Mr. Musk told the judge that his net worth was largely tied up in Tesla, SpaceX and SolarCity, an energy company that he oversaw as chairman. "I have no other investments that I could easily sell in order to generate money," Mr. Musk said in a court declaration at the time. "My cash position is very limited. About four months ago, I ran out of cash entirely."
Mr. Musk noted in the court record that while he owned a private jet, the airplane market at the time was depressed. "If it were sold," he said, "it would likely have to be at a fire sale price."
In 2016, as Mr. Musk was trying to persuade investors to approve his plans to have Tesla acquire a struggling SolarCity, his brother, Kimbal Musk, had faced margin calls on loans tied to SolarCity stock he owned, according to court records. The younger Mr. Musk, who was trying to expand his restaurant business, pressed his older brother for a loan, and was rebuffed.
"You do know that I don't actually have cash, right?" Mr. Musk told his younger brother, according to court records. "I have to borrow."
Last year, Mr. Musk's ability to access cash came up again during a defamation lawsuit over comments he made about a man involved in the rescue of a Thai soccer team from a flooded cave in 2018. A lawyer in the case said in a filing that Mr. Musk had described himself as "financially illiquid."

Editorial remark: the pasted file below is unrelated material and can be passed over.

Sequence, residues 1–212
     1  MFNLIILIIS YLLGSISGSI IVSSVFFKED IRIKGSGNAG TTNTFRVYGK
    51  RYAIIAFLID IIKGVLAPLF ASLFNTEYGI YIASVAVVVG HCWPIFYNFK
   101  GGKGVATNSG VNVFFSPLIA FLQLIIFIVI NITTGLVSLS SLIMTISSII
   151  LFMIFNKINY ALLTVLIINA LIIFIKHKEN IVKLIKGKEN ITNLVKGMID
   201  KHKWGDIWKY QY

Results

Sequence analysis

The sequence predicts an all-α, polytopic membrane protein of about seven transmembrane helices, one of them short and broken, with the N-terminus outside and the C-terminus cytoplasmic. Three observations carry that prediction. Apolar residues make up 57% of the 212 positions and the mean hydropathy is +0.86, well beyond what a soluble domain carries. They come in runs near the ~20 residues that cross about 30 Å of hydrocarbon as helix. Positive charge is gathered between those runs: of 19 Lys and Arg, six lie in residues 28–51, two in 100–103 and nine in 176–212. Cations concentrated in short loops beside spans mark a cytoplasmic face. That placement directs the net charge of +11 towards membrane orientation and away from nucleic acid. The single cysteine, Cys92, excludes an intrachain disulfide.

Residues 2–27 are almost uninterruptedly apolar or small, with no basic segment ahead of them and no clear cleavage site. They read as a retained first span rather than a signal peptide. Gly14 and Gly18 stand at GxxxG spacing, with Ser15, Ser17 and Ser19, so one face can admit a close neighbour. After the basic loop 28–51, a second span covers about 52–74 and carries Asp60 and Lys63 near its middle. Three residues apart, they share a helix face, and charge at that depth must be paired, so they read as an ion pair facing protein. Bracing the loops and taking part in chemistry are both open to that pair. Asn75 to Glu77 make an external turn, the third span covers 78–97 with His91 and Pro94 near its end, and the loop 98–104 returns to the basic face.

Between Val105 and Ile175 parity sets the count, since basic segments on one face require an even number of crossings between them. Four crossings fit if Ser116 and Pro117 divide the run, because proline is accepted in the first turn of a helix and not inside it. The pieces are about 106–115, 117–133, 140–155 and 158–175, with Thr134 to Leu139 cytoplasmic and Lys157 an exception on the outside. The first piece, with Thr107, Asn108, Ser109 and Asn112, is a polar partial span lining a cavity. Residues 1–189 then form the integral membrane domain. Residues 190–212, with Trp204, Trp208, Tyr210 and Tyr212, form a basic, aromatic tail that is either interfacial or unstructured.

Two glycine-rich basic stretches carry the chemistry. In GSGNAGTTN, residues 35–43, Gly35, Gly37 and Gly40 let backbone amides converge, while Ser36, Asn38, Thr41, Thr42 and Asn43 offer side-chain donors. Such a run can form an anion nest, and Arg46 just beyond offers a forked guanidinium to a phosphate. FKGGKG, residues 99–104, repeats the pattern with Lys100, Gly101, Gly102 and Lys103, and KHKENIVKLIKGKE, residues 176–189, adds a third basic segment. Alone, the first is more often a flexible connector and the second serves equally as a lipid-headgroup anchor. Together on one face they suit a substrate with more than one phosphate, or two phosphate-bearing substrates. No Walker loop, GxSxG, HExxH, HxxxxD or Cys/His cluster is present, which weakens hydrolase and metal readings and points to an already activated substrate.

According to a regulatory filing, Mr. Musk has two ways to use his stock options. One involves paying $350.02 for each share, which closed Friday at $819.42. Another choice is to exercise the options and simultaneously sell shares to pay the $350.02 per-share strike price and any taxes. That doesn't require cash up front, but would leave him with fewer shares.
Mr. Musk's vesting milestone has drawn attention since January, when Tesla reached a $100 billion market value. He has until Jan. 20, 2028 to exercise his stock options, as long as he remains an employee of the company, and, if he leaves, within a year. He holds several million stock options from previous awards yet to be exercised.
As Mr. Musk pushed to reopen the California car factory and described the government's pandemic response as overblown, he has been accused of acting like an irresponsible billionaire.
Mr. Musk said in a podcast interview with Joe Rogan that aired Thursday that having possessions opened him up to attacks on his character.
People seem to conflate spending with creating money in successful businesses, he said: "In recent years, billionaire has become…a pejorative, like that's a bad thing, which I don't think makes a lot of sense in most cases."
Nancy Keates contributed to this article.